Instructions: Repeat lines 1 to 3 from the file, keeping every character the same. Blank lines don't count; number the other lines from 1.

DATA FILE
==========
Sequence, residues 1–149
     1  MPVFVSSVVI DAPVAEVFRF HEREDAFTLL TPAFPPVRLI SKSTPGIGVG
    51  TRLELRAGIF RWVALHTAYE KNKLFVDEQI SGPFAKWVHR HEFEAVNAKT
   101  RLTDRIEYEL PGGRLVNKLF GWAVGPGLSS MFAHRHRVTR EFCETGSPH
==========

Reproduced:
Sequence, residues 1–149
     1  MPVFVSSVVI DAPVAEVFRF HEREDAFTLL TPAFPPVRLI SKSTPGIGVG
    51  TRLELRAGIF RWVALHTAYE KNKLFVDEQI SGPFAKWVHR HEFEAVNAKT